The model (1) is fitted to this data by using the Matlab based software package Grind (http://www.sparcs-center.org/grind) and yields the parameter values:

In Fig. 1(a) the numerical solution of (1) with the parameter values (2) and the data points \((t _{i}, y _{i})\) are given. If one decreases *n*, then at a certain value the parameter estimation procedure fails. It is due to the fact that then the information matrix gets ill-posed, so that no dependable parameter estimation can be made, see also Massiani and Gohs [5]. In this study the parameters are estimated with linear regression. For small data sets this results in inaccurate estimates especially for *m*, see also Fig. 3.

From the point of view of market decision making, one is often interested in yearly sales:

see Fig. 1(b). For our purpose of finding estimates of the boundaries of the confidence intervals, it suffices to approximate \(dy _{i}\) by the derivative \(y '(t _{i})\) with \(t _{i} = i + 0.5\). This approximation is based on a Taylor expansion of \(s'(t)\) at \(t = i + 0.5\):

Interchanging summation and integration we obtain

In Fig. 2 it can be seen that the first term at the right hand side of (4) indeed approximates the left hand side very well.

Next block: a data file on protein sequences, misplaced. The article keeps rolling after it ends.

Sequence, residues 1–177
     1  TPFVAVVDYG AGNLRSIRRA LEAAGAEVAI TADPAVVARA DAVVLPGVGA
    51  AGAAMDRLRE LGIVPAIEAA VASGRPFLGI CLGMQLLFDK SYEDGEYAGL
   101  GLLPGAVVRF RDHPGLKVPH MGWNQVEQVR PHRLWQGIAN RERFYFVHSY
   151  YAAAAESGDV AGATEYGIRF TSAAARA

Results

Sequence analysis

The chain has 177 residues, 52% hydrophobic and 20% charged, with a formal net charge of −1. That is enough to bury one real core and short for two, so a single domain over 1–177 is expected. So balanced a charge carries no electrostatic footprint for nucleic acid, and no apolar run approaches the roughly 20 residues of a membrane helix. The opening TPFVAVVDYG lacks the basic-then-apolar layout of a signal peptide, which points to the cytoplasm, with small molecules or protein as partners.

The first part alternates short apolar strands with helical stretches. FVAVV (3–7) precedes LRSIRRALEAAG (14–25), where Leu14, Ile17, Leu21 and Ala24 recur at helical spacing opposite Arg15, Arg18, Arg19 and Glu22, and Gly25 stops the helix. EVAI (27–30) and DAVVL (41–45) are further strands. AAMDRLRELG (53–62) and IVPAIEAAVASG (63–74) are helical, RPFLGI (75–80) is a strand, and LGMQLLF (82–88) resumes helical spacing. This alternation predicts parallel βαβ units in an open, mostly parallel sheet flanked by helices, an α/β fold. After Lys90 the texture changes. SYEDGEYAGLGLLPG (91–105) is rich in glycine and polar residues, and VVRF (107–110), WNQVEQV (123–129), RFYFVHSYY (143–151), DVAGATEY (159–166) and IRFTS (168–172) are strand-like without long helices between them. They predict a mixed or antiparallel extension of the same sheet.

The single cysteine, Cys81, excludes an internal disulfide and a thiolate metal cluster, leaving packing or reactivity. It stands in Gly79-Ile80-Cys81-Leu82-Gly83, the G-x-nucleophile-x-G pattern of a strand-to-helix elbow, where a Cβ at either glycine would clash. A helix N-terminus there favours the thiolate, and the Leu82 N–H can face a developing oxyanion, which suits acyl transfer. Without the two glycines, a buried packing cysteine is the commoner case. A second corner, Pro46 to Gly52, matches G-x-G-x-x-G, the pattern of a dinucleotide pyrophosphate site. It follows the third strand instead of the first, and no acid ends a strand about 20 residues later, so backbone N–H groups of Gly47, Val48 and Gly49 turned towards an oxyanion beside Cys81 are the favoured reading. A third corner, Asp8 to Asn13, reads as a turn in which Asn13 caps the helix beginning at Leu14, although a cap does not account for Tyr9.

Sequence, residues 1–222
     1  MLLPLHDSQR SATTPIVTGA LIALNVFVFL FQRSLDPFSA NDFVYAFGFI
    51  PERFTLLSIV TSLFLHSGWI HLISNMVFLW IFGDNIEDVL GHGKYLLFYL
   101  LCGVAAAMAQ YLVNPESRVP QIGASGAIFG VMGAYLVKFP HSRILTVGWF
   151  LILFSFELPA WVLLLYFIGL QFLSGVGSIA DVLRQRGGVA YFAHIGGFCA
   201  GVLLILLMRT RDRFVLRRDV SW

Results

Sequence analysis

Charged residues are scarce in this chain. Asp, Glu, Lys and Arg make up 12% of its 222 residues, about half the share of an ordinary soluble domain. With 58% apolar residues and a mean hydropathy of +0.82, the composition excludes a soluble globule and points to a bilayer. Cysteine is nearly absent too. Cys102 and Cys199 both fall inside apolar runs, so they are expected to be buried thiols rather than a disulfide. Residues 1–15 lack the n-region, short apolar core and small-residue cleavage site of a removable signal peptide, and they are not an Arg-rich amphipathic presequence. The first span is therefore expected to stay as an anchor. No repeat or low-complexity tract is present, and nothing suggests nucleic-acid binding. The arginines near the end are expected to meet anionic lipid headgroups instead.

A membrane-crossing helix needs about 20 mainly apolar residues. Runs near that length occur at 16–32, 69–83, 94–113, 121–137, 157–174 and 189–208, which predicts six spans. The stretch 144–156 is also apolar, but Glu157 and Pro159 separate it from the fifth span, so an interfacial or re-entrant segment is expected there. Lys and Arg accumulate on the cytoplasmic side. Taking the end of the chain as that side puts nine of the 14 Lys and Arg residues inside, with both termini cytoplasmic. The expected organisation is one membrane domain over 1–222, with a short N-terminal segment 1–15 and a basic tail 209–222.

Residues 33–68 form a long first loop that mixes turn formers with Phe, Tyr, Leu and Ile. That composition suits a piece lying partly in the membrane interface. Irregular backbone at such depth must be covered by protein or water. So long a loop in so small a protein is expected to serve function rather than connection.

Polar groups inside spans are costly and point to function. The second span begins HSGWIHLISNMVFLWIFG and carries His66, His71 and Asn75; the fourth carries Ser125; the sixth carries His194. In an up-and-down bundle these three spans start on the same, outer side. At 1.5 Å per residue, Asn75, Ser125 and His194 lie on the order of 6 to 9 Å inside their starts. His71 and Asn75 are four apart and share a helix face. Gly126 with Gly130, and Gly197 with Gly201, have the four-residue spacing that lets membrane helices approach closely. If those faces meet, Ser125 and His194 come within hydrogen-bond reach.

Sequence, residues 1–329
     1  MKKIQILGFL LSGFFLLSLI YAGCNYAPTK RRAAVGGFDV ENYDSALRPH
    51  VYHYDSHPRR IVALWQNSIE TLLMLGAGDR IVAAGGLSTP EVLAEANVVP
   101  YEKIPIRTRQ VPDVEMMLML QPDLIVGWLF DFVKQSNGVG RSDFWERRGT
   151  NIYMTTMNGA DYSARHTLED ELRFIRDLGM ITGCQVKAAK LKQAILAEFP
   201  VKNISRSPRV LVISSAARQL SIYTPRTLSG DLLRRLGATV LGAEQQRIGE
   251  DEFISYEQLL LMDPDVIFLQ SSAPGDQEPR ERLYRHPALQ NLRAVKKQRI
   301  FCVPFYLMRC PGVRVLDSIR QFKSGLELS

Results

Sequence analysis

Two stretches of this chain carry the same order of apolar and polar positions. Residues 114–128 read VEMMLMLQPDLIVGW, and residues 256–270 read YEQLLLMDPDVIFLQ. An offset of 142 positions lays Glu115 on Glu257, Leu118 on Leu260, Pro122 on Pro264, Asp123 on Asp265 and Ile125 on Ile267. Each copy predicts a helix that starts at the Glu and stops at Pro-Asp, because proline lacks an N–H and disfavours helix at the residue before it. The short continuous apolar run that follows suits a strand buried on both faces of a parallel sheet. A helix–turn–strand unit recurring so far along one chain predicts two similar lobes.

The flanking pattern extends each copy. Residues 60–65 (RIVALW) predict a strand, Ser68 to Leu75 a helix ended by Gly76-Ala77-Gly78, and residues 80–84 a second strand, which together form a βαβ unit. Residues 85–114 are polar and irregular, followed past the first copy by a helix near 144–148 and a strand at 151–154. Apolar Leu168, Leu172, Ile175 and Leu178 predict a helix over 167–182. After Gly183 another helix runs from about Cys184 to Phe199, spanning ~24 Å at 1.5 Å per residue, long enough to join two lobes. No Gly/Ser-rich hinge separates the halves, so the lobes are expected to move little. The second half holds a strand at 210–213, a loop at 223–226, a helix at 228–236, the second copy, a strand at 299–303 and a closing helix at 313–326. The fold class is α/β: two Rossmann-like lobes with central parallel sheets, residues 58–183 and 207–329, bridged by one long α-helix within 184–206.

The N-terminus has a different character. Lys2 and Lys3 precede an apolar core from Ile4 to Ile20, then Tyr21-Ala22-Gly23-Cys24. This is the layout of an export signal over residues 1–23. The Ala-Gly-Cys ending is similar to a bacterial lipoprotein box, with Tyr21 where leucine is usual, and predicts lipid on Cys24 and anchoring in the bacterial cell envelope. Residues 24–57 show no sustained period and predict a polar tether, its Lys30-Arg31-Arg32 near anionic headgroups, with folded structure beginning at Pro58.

Now, the exact solution of (1) is:

so that

## Information content of the data

When estimating parameters, using data of only a first part of the time interval of the evolving process (e.g. for making a forecast), one must have an idea of the information content of the data as it is used. Again, the availability of an exact solution for (1) makes such an analysis possible. The sensitivity of the parameter *m* with respect to the data can be analysed with a method presented by Kalaba and Spingarn [13]. Assuming that the other two parameters are fixed, we determine the parameter *m* from a data set \(\{t _{i}, y _{i}\}\) by minimizing the penalty function

The value of *m* for which the penalty function reaches its minimum value follows from (7)

where \(\mathrm{d}y(t _{i};m)/\mathrm{d}m\) denotes the sensitivity function of the solution with respect to the parameter *m* at time \(t _{i}\):

In a same way, we derive:

and

It is remarked that \(S(y(t_{i};m))\) is independent of *m*.

Next the dependence upon the data is traced by differentiating (8) with respect to \(y _{j}\). This dependence comes from *m* as well as from of \(y _{j}\) itself: